Outward

Murdered Trans Woman India Clarke Cannot Get Respect Even in Death

India Clarke was the 10th trans woman to be murdered in the United States this year.

Photo by val lawless/Shutterstock

With the discovery of her body near a Tampa, Florida, basketball court on Tuesday morning, India Clarke became the 10th transgender woman to be murdered in the United States this year—and the ninth transgender woman of color. (And that, of course, only counts those homicides that have been reported.) As of Thursday, local police are still searching for a suspect.

Clarke’s death is obviously a tragedy in itself—part of what many advocates are calling an epidemic of trans killings—but the sadness of her loss is being compounded by how callously local officials and news outlets are treating her memory in refusing to honor her trans identity, which is clearly communicated on her Facebook profile. As BuzzFeed’s Dominic Holden reported earlier this week, Tampa law enforcement is openly and crassly disputing Clarke’s transgender status:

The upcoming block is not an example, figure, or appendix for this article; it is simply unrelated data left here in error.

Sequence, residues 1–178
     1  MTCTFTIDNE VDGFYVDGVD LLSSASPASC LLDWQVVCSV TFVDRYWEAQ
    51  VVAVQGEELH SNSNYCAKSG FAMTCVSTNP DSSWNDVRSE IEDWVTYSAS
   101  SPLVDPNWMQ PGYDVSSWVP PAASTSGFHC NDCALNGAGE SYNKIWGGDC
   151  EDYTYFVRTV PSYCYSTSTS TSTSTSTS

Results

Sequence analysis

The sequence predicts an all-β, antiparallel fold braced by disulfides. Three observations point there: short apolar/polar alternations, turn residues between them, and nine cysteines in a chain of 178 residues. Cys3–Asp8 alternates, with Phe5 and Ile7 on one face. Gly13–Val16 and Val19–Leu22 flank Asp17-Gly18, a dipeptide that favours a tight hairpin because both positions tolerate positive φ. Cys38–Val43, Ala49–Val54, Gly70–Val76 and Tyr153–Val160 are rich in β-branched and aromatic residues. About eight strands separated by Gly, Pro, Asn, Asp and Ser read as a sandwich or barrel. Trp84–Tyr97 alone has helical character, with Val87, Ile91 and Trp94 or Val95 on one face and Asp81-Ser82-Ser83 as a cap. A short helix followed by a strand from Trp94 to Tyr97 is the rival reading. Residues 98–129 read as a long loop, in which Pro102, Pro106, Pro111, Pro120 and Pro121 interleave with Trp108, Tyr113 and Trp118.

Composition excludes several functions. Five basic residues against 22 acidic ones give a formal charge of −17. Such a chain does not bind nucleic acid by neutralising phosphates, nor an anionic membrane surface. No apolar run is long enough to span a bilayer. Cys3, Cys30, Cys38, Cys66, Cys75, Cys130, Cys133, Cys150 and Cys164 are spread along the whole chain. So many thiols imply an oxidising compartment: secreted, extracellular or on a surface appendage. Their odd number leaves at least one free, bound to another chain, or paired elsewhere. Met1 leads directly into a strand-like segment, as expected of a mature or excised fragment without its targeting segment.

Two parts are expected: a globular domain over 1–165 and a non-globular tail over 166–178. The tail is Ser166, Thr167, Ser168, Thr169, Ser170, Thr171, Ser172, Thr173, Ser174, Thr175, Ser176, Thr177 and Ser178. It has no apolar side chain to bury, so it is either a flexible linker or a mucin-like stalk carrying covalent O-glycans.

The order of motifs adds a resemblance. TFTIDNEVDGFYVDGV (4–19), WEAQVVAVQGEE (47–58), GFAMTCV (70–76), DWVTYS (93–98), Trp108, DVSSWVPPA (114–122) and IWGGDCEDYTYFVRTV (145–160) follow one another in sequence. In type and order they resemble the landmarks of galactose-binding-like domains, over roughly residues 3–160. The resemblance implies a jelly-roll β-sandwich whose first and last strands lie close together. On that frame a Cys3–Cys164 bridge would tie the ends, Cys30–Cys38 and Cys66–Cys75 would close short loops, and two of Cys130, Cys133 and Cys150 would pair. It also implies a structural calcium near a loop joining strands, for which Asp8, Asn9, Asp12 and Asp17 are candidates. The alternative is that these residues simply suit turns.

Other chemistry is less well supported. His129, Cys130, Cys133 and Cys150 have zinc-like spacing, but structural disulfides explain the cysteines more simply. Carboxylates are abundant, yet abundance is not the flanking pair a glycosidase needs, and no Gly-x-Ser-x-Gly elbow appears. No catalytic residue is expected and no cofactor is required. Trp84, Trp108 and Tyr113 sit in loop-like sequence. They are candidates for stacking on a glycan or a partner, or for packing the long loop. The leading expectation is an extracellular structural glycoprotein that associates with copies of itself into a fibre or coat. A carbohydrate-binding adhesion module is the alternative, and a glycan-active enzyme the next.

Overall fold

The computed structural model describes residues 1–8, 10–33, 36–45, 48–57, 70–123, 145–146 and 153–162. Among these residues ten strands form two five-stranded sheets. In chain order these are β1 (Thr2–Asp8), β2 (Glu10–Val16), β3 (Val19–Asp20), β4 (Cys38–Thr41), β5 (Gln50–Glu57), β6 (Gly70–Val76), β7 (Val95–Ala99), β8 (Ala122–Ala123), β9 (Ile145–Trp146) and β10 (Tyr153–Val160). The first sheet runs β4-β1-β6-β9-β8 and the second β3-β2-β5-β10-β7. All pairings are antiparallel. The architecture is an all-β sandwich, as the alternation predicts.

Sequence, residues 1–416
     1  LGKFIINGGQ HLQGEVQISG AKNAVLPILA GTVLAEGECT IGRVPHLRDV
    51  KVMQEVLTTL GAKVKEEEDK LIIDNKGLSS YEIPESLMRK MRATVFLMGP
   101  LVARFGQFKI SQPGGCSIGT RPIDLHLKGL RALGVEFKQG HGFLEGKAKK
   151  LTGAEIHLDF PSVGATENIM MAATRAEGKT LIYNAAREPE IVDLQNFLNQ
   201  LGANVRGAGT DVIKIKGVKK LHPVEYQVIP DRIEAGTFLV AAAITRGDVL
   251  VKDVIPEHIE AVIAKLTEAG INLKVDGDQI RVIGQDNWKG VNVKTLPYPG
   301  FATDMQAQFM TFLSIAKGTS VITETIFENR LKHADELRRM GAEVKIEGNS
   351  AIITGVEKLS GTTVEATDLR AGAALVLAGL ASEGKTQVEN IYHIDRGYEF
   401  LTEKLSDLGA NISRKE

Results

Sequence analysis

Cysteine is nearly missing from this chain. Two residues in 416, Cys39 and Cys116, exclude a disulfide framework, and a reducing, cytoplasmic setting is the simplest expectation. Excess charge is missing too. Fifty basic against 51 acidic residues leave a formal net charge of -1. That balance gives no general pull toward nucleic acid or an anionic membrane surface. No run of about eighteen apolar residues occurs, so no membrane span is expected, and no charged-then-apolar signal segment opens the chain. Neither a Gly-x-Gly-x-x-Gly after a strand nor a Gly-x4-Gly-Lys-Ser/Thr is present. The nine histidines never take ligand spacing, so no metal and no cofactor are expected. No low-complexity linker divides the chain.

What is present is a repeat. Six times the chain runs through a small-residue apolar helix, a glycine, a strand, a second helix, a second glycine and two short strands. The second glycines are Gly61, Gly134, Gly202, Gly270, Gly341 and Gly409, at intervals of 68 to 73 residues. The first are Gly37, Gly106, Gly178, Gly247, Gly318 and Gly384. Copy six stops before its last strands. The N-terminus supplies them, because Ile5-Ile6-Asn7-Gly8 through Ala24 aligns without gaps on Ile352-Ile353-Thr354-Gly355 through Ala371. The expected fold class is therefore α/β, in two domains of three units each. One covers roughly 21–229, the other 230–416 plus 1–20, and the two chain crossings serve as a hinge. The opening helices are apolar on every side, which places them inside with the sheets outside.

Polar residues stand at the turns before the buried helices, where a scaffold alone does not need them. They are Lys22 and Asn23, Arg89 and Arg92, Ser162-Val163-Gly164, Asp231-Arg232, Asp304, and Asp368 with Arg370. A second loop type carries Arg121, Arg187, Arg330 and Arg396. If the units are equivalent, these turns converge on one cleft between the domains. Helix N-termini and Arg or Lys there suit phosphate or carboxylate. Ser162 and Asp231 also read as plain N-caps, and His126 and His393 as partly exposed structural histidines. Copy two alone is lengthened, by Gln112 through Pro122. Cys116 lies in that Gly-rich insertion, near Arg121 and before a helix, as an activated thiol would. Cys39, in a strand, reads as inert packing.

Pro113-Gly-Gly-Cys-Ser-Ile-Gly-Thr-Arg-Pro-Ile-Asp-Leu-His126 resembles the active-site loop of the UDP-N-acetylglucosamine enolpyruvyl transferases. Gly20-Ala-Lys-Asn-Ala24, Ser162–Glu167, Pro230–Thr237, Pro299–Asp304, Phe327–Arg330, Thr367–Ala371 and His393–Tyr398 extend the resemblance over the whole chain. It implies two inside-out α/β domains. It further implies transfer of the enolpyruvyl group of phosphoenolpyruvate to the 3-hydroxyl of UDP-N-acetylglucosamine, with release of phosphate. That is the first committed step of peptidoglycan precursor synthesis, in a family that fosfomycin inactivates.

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“We are not going to categorize him as a transgender. We can just tell you he had women’s clothing on at the time,” Detective Larry McKinnon, a spokesman for the Hillsborough County Sheriff’s Office, told BuzzFeed News. “What his lifestyle was prior to that we don’t know—whether he was a cross dresser, we don’t know.”

Initial calls to 911 described the victim as a woman but a medical examiner later identified her as male, McKinnon said.

“He is a male,” McKinnon continued. “I can’t tell you he is a female.”

Likewise, a local news report initially described Clarke as a “man in a dress.”

In a word in which Caitlyn Jenner is starring in a reality show so respectful it’s boring and winning courage awards to wide acclaim, it’s easy to imagine that transgender folks are getting their fair share of attention and respect. But Clarke’s murder—and more upsettingly, the cruel disregard for her identity by those sworn to protect her—clearly demonstrates that such perceptions are false. Trans people are still some of the most marginalized individuals in our society, and, as things currently stand, they cannot count on dignity, even in death. 

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